Stranger in paradise wakens private fears

John Lapsley
Until this moment, it had been just another day in paradise, writes John Lapsley.

Enjoying a Queensland winter break, I swam in the Coral Sea before breakfast, golfed at the curiously named Yorkey’s Knob, then dined Italian by the beach.

It was approaching 11pm and couples no longer strolled the Palm Cove promenade. We’d closed the

holiday apartment’s balcony doors, but could hear the soft lapping of the waves. The Duchess sat opposite reading.I had a drink in my hand and my mind in a book, when I heard her gasp. I looked up. She was staring wide-eyed at the space behind me, gesturing. My head snapped around.

An intruder had stepped into the room.

The man stood eyeing us, wordless. He was barefoot, an older but fit looking type, wearing a white T shirt, and tight black shorts. I first felt a wave of shock, then rage at myself for having been so "small town" dumb, as to neglect to lock the front door.

God knows what this stupidity might now mean. I climbed from the chair, one half of my male genes thinking "Hell, I’ve got to deal with this bloke," the other reminding me I hadn’t been in a fight since my 20s. The intruder saved me from decisions.

"I’m lost," he said.

"I don’t know where I am."

Huh? I looked at the Duchess. Was the stranger harmless, or some nutter who might suddenly flip into a mad frenzy? He stood silent a few more moments, then he began to babble.

"I have friends. I think there’s a lady manager. Hang on, that’s not here, that’s in ... what I mean is ..."

He looked at his feet, shame-faced, then blurted a self-aware sanity that began to remove our fears.

"I’m sorry, I’m making a hash of this," he muttered.

"I must make no sense."

"Could I have a drink of water?" he pleaded.

Warily, we poured him a glass. Then he asked to use the bathroom. I wanted him where I could see him, and to my relief he didn’t try to close the toilet door as sighing, he drained himself. Actually, the man was quite short. He was grey-haired with a stubble beard, and he now looked older.

He came back into the living room, and we began trying to unravel his lostness.

"Do you know your name?"

"I’m Warren." 

(I won’t use his real name).

"Is your wife here with you?"

"I think so."

"What’s her name?"

He thought hard. "I can’t remember," he admitted.

Appalled at himself, he added: "This is so embarrassing."

"Have you been lost before?"

"I don’t think so."

We questioned him for clues to his identity, feeling like a Holmes and Watson double act.  I decided his clothes looked slept in. Maybe he’d got up to go to the bathroom, walked out the wrong door into a lobby, and become confused. I guided him downstairs to see if he recognised the building from outside. No dice. Next, I banged on every apartment door in the block, but only one was cautiously opened.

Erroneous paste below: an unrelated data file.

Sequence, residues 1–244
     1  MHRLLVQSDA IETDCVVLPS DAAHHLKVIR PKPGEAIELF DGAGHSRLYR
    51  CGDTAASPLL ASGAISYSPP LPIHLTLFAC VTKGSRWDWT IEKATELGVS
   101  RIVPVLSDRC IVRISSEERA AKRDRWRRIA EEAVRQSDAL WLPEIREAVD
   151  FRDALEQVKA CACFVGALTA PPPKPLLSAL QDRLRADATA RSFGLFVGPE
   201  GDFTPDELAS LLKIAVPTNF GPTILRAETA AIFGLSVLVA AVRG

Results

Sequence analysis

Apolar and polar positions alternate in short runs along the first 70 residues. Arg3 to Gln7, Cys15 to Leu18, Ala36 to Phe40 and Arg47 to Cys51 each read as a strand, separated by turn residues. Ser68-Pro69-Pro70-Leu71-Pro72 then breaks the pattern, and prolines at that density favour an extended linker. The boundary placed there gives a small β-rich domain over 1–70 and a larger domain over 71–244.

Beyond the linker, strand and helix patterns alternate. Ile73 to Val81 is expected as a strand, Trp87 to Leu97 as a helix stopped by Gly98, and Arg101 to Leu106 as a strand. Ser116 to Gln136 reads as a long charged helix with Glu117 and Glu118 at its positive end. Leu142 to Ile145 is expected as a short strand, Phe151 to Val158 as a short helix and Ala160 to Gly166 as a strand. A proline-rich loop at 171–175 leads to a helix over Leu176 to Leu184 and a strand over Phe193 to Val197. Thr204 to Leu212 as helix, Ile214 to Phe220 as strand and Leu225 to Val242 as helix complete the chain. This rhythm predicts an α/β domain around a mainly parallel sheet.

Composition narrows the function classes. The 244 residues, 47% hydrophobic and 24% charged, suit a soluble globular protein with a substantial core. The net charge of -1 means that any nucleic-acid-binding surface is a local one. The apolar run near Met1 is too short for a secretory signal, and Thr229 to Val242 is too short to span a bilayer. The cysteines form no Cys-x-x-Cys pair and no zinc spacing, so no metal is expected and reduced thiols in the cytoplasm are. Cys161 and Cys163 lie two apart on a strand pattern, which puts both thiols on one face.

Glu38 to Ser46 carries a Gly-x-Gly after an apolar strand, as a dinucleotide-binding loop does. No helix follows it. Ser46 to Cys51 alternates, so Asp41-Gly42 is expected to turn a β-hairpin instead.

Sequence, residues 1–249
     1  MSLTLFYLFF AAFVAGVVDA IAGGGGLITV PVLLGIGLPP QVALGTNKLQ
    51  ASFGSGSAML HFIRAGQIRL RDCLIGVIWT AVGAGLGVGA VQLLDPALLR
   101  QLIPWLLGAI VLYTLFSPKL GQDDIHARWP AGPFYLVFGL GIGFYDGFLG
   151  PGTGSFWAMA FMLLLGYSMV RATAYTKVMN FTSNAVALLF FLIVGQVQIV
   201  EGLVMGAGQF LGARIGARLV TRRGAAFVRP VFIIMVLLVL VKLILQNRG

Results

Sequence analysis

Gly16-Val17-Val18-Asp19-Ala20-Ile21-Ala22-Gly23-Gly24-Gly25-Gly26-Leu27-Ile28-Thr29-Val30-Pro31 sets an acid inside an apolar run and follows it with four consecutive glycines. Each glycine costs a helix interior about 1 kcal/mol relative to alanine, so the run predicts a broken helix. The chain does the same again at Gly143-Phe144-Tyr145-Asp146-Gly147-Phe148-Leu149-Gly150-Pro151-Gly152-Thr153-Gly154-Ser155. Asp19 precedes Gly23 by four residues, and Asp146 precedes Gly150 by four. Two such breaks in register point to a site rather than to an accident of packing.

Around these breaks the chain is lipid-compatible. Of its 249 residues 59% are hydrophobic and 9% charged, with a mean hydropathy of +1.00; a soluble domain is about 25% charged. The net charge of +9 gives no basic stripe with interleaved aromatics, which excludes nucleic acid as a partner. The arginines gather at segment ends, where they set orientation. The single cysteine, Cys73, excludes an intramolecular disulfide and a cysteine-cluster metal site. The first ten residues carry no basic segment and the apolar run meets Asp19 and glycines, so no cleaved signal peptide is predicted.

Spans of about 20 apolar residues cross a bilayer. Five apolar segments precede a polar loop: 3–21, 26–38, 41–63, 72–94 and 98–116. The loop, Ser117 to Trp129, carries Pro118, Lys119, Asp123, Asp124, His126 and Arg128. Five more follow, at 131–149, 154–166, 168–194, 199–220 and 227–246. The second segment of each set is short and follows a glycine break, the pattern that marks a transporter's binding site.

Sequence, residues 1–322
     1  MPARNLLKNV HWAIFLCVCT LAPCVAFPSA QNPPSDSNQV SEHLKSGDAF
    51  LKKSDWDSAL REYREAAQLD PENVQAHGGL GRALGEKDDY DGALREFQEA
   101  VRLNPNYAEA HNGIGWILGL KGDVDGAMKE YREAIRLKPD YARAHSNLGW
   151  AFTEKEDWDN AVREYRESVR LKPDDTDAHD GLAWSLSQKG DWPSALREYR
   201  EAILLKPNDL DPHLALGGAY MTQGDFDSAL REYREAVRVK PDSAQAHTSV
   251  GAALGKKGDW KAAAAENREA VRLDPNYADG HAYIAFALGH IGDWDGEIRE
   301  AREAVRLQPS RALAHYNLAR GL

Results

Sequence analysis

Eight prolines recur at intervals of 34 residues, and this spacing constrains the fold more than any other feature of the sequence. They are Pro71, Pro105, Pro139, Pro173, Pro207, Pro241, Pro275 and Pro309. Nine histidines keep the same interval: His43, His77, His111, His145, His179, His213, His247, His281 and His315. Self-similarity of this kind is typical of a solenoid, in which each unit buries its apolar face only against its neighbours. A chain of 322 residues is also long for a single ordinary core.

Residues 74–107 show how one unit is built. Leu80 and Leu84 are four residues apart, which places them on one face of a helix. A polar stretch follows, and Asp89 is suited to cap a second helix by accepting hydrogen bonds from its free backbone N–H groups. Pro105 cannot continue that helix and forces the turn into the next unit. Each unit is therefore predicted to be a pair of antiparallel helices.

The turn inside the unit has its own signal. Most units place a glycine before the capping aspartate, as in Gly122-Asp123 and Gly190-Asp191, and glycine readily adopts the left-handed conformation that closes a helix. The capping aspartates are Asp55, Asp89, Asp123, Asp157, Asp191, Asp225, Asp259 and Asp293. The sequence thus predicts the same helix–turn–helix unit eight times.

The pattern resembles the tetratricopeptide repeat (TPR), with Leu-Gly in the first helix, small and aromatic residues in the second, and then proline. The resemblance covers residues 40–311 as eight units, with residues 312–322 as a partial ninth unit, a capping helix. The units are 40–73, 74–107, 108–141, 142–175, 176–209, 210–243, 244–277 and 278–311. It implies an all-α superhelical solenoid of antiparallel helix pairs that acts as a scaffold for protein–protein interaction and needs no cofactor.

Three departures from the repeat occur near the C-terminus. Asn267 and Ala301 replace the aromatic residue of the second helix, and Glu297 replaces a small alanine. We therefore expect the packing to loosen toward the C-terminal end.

There is no local police station, and I realised shamefully that part of me wanted to leave Warren and his dementia outside, until someone came searching for him. But I took him back upstairs, and we soldiered on, trying to find some clue to his identity.

"Can you remember how you got to Palm Cove?" I eventually asked.

"I think we came in a car. Yes, a red one."

I walked Warren down to the car park, and we got lucky. The only garage that was open housed a red car.

"That’s ours," he said excitedly.

But unfortunately the garage numbers differed from  the apartments. I tracked down the manager’s after-hours number, and after some confusion, he matched the garage with an apartment. Nobody answered my knocks, then my hammering, on its door. I tried the handle. It moved, and I burst into the unlit apartment, where an elderly woman stood in her nightgown. her eyes wide, her face frozen in fear.  Then she saw the man behind me, and her face collapsed.

"Warren, what are you doing out there?" she sobbed.

She hugged him, and he clung to her.

"What’s happened to you, dear?"

Back upstairs, I poured a drink, and sat with the Duchess.

"Turns out he’s 76, his wife’s called Sandra, and they’re Kiwis from the North," I told her.

"It’s the first time he’d gone walkabout.  I don’t think I’ve never seen a bloke so embarrassed with himself."

Dementia – dangerous, and also humiliating. We sat there, scared by our private thoughts.

- John Lapsley is an Arrowtown writer.


Good on you. Cool heads, no escalation and helping.

Short fused men go berserk in similar situations, because of 'territorial imperative'.

{Expression common to Kruger National Park}.